TheCattleSite.com - news, features, articles and disease information for the cattle industry

News

Vaccine Withdrawn To Aid Bleeding Calf Syndrome Research

09 June 2010

EU - Pfizer Animal Health has voluntarily stopped sales of PregSure BVD, a vaccine against Bovine Virus Diarrhea, in all EU countries with immediate effect to allow the company and other stakeholders to continue a comprehensive investigation of the possible causes of Bovine Neonatal Pancytopaenia (BNP) syndrome (bleeding calf syndrome) and any possible links to the use of PregSure BVD.

The action follows the stopping of sales in Germany in April, which aimed to understand whether this action had any affect on the incidence of BNP.

Pfizer is actively conducting a robust investigation of BNP in conjunction with veterinary research institutions. A Pfizer-funded epidemiological survey is being undertaken aimed at identifying the common risk factors between the reported cases of BNP. Other research activities across the EU are exploring how colostrum intake could trigger the disease. The possibility of an emerging disease is also being investigated. Pfizer will report results of these studies to the regulatory authorities.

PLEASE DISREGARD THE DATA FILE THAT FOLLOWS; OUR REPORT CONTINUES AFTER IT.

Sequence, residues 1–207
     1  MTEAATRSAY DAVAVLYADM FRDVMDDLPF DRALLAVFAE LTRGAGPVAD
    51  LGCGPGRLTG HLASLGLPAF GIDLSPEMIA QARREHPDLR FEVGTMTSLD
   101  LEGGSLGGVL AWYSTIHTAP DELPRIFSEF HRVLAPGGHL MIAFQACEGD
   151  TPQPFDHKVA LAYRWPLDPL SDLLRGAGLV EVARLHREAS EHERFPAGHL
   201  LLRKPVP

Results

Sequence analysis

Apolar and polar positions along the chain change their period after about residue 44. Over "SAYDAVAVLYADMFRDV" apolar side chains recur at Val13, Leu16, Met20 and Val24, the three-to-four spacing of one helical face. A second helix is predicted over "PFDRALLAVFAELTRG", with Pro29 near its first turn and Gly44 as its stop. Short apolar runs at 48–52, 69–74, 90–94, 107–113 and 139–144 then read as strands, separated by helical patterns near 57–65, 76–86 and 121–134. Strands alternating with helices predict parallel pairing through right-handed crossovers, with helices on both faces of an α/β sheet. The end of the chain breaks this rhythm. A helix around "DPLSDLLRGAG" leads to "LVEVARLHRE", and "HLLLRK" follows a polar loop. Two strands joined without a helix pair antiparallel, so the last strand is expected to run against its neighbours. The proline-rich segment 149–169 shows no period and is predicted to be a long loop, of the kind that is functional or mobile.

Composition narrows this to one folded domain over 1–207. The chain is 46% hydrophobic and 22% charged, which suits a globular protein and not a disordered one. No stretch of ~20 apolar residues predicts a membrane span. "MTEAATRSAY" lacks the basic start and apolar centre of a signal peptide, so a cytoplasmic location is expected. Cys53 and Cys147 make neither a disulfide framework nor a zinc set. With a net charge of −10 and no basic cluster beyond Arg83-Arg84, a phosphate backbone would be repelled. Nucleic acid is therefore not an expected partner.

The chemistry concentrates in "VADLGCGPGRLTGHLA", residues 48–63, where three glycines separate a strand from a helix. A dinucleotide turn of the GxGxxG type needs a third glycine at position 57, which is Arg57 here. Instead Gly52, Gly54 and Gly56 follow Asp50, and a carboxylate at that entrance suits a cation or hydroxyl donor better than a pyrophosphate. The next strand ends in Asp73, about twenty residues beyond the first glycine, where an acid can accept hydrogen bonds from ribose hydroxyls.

This move has been welcomed by the Scottish Agricultural College. While no direct link has been made between the use of Pregsure BVD and BNP, the cause of this disease is still unknown.

Together with colleagues in the Veterinary Laboratories agency (VLA), the Dick Vet in Edinburgh, the Moredun Research Institute and overseas, SAC is working to gain a better understanding of BNP. Preparations are being made by the partners for a case-control study, based on knowledge gained through the post mortems of suspect BNP cases previously offered free of charge to farmers and their vets and which, for the moment, are continuing.

Affected calves are aged less than 28 days old. They can have a persistent fever with bleeding from the nose, gums, ear-tag holes and injection sites. There may even be intestinal bleeding with calves passing dark, tarry dung. Most calves were growing well before showing clinical signs, with no history of prior problems. However it should be stressed that some calves can die without any noticeable signs of bleeding.

TheCattleSite News Desk



Our Sponsors

Partners


Seasonal Picks